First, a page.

An excursion into non-fiction #1: Frans de Waal, The Bonobo and the Atheist (2013)

Some time ago, inspired by Bart from one of our favorite blogs, Weighing a pig doesn’t fatten it, we decided to start including some non-fiction on Re-enchantment. While the initial idea was to go for books that provide wider context for popular genre fiction, ultimately we decided to start with one that provides some insight into the very human nature, by exploring the social nature of other primates. Frans de Waal, world-famous (there’s even a TED 😉 ) Dutch-American primatologist, is on Bart’s list with several of his books, we’ve both read The Bonobo and the Atheist recently, and it was a thought-provoking experience, although it provoked slightly different thought in each of us.

Author: Frans de Waal

Title: The Bonobo and the Atheist: In Search of Humanism Among the Primates

Pages: 289

Format: Paperback

bonoboIn search of Humanism Among the Primates de Waal looks not only into the militant chimpanzees, but also the famously peaceful bonobo. Lifetime of research, combined with his private interest in art and philosophy, guide this journey to discover the origin of our species’ morality – and spirituality – in the societal structures and the psychological and social makeup of our closest animal relatives. If all the primates share not only social nature, but also empathy, it was arguably also present in our common ancestors, and our nature is not as rotten as some of us were convinced since childhood. Moreover, he provides us with ample examples of other species showing self-awareness and kindness previously attributed only to humans, and if on decidedly smaller levels, it’s a matter of degree.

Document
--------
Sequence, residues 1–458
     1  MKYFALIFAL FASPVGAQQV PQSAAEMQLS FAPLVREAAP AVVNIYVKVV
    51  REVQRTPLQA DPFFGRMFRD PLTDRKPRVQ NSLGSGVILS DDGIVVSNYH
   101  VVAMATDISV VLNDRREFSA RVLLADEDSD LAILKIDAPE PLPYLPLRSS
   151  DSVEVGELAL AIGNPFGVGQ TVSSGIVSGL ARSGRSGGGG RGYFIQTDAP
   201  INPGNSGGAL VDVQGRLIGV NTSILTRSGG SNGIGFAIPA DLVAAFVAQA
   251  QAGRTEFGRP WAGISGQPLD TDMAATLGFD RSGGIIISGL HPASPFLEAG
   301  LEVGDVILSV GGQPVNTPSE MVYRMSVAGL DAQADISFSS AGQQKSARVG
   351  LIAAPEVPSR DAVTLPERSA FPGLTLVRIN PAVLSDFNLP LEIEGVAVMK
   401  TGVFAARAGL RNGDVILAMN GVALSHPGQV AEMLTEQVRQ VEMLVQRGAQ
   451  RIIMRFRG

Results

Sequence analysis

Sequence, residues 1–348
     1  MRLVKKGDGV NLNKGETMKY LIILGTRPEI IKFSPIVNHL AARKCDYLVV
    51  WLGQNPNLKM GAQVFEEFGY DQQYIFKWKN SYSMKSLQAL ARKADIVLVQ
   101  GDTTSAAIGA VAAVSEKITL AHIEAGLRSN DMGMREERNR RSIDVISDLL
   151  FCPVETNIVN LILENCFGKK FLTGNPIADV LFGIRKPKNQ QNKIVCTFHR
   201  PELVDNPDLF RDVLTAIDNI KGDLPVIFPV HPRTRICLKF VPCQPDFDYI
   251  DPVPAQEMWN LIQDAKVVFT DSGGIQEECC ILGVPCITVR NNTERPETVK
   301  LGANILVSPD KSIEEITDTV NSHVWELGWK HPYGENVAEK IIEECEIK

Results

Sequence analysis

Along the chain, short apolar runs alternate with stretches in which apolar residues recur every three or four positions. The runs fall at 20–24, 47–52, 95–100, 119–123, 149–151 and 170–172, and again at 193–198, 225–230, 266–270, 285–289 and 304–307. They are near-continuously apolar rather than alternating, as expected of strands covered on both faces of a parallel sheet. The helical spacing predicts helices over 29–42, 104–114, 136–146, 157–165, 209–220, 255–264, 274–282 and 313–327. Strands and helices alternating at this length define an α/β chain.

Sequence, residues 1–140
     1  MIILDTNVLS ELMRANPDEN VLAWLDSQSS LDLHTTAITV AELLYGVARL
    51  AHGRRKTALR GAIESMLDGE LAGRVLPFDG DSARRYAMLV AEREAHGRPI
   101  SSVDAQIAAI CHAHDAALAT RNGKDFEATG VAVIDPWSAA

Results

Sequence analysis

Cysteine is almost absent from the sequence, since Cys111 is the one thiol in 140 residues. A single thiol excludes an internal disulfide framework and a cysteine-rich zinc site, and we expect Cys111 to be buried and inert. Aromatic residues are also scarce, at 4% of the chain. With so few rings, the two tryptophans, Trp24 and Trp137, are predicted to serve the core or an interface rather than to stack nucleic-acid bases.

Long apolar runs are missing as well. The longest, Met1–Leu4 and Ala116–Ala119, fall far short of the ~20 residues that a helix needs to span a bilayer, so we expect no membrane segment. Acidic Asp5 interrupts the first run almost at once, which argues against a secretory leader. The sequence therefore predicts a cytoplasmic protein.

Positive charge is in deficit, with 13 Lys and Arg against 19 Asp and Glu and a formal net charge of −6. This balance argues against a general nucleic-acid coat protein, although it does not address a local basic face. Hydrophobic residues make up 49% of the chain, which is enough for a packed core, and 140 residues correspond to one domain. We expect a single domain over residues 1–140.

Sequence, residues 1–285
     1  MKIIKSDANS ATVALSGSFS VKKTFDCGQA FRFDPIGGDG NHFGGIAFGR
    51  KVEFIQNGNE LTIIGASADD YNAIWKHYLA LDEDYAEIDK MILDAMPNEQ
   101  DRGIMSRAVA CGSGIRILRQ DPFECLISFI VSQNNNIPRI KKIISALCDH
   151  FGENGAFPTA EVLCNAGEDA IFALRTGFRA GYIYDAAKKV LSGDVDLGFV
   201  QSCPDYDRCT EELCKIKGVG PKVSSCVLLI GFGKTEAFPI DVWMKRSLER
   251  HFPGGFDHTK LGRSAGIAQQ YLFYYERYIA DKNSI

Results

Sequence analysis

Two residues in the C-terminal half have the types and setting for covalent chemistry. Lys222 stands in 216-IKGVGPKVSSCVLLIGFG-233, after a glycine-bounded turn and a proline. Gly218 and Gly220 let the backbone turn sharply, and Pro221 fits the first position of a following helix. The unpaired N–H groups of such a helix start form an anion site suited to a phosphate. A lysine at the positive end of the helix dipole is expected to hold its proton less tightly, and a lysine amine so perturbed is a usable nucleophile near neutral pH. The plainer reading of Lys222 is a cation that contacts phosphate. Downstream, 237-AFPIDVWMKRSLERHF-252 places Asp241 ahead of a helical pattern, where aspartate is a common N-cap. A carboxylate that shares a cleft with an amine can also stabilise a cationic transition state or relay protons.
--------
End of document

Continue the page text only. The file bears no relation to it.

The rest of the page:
Empathy requires awareness of the other and sensitivity to the other’s needs. It probably started with parental care, like that found in the mammals, but there is also evidence for bird empathy. […] If both birds and mammals have some measure of empathy, that capacity probably goes back to their reptilian ancestors.

He does it skilfully, being not only an incredibly skilled and competent scientist (as his resume informs us), but also a gifted storyteller. Consequently, The Bonobo and the Atheist is a great book for both a casual and a scientifically-inclined reader; in addition to its atheism-related theses, already mentioned in the title, it gives us valuable insight into the current state of research of other primates’ social nature.

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